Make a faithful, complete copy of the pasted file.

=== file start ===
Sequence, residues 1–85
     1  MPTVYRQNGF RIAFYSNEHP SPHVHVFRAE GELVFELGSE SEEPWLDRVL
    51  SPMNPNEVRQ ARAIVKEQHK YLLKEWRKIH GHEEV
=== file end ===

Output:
Sequence, residues 1–85
     1  MPTVYRQNGF RIAFYSNEHP SPHVHVFRAE GELVFELGSE SEEPWLDRVL
    51  SPMNPNEVRQ ARAIVKEQHK YLLKEWRKIH GHEEV